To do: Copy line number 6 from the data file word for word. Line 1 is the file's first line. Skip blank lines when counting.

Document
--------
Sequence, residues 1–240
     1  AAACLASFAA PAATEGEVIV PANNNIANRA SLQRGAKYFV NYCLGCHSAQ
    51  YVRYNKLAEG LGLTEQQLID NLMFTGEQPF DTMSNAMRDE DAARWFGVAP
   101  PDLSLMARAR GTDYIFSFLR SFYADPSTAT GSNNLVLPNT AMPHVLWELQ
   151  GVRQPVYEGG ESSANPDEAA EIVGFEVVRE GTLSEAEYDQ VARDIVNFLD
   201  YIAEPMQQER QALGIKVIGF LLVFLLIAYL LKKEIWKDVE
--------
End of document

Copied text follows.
   201  YIAEPMQQER QALGIKVIGF LLVFLLIAYL LKKEIWKDVE